Our feeds and home screens — the ones filled with and by people we’ve followed or befriended using the mechanisms of the platforms — are the basis of the platform economy. They are incredibly compelling and demanding of attention. In the context of these large, central, diverse feeds and home screens — the perpetually refreshed interfaces that generate billions of dollars in advertising revenue a year — outside publications, posting as brands, offer a solution to two problems: that, in order to be good, engaged, ad-viewing platform citizens, people need a strong supply of things to talk about; and that our personal networks, as interesting as they might be, aren’t always the best or most complete sources of anything except news and information about, and projections of, themselves.
This is a diminished role for publishers — content-stocker and secondary curator — which don’t control the manner in which their content is displayed or distributed. But it’s still a role: the Times gets to remain the Times on Facebook or Twitter, in spirit if not in body. Savvy (or just game?) publications have found footholds in enough of the hundreds of millions of feeds to maintain some sort of institutional identity, or at least revenue. They have been able ingratiate themselves with users not just through individual posts but as institutions worth following. (What this ingratiation is ultimately worth can, of course, be altered by the platform.)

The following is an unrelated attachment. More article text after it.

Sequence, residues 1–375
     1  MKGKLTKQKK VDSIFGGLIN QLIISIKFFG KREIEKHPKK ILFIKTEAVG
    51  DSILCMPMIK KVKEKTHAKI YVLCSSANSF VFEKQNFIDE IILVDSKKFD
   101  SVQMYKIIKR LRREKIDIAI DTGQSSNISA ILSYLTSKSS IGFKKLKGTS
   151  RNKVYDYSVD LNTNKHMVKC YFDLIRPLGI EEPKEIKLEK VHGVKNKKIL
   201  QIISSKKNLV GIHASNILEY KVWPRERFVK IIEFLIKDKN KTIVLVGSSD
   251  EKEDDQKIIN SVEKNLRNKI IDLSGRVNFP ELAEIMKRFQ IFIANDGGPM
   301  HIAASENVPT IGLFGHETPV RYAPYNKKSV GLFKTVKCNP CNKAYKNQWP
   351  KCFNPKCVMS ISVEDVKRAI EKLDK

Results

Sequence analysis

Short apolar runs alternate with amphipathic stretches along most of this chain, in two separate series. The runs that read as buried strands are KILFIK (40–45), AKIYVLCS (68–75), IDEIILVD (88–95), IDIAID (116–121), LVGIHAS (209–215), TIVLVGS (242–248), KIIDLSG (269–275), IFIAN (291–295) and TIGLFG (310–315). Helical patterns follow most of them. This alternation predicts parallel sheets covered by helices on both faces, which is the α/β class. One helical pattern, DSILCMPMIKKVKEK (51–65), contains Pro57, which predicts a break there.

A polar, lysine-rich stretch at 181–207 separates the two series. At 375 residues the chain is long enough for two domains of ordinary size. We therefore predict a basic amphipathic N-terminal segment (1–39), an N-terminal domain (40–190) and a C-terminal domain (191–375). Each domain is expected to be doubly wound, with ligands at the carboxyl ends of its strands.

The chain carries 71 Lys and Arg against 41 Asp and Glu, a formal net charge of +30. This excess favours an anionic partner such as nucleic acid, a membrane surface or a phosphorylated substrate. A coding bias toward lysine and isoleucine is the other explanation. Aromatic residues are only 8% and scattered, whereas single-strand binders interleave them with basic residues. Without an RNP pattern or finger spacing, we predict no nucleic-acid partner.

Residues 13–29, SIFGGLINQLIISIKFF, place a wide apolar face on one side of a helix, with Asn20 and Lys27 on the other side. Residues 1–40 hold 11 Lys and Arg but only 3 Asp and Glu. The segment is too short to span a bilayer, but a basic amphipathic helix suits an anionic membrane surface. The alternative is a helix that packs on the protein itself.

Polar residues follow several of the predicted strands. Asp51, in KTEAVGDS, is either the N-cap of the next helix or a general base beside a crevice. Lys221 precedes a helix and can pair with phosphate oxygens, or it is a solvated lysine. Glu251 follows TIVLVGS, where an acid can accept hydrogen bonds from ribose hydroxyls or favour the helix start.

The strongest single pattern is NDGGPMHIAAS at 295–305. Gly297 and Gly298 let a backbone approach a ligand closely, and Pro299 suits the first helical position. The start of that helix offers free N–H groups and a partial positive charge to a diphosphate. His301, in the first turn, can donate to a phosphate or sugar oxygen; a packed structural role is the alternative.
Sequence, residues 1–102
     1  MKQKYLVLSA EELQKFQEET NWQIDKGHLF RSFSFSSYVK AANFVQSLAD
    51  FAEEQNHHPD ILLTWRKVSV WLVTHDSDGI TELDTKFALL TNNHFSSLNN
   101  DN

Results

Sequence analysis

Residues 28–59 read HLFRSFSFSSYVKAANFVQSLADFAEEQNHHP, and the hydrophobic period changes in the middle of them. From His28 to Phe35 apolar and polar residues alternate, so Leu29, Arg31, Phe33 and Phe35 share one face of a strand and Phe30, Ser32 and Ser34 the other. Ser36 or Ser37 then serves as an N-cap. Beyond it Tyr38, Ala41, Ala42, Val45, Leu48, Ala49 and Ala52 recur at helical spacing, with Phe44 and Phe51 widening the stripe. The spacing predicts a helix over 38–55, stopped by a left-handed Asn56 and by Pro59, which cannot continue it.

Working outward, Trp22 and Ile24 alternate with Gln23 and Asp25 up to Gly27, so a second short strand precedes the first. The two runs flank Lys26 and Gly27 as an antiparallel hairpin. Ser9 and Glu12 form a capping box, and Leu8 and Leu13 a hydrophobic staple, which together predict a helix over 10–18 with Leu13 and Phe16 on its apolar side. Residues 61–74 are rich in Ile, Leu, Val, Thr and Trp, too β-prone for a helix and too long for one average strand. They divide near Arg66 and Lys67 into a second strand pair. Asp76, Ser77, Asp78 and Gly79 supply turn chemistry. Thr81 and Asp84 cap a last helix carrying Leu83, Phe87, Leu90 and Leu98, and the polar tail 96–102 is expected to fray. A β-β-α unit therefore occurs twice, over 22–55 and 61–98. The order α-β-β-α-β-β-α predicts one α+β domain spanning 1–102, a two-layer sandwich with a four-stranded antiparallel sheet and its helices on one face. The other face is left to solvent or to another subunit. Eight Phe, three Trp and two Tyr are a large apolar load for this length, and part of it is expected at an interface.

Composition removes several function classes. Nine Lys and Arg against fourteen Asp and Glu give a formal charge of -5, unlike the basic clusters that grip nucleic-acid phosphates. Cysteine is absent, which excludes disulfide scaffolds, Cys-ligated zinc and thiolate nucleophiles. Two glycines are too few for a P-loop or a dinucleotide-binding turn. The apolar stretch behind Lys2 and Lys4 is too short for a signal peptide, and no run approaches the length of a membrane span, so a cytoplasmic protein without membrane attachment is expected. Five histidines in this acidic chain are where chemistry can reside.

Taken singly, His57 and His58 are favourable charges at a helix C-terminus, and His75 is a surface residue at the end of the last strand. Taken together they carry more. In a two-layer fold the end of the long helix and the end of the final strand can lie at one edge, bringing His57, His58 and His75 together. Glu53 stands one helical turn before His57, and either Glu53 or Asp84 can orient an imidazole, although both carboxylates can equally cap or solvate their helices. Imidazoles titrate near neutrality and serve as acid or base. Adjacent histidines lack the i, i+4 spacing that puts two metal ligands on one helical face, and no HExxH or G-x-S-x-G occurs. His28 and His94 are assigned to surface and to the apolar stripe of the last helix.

Internet publications are, in other words, making the best of a strange and inhospitable situation. Those most able are adapting, others are contorting, and some are convulsing. The optimistic outlook, fast becoming conventional wisdom, is that it is now the responsibility of a media company or news organization to meet readers and viewers wherever they are, rather than depending on a captive or even intentional audience, catering to the styles and voices and sensibilities of whatever platform might provide an audience. The prospect of making, or remaking, an internet media company around much larger companies’ audiences, rather than your own, is at once terrifying and exhilarating: the potential upside, at least in raw audience numbers, is as large as the potential downside is total. It’s all… very……. exciting?
Platform publishing is a strategy that depends on platforms welcoming other businesses as guests. And it would seem like these homegrown channels — event and location-based live feeds on Twitter; event and location based live feeds on Snapchat; event and location-based live feeds of photos on Instagram — complicate this relationship. Whether or not the platforms characterize them as such, and whether or not outside media companies want to believe it, these channels amount to competing publications.
General interest content operations, old and new, have done well on social platforms by swarming around news or events or Cultural Moments in such a way that wins them admission into millions of users’ feeds. Their contributions range from fresh and valuable to utterly duplicative, cynical and stupid; many amount to little more than repackaging things posted on social platforms for the social platforms. Adding secondary, publication-like feeds is an attempt to annex some of that activity — or, at least, to recapture some of the heat it throws off. For younger, tighter platforms, this transition is more seamless and additive. On older ones, the addition of editorial channels is, possibly, an attempt at replacement and correction.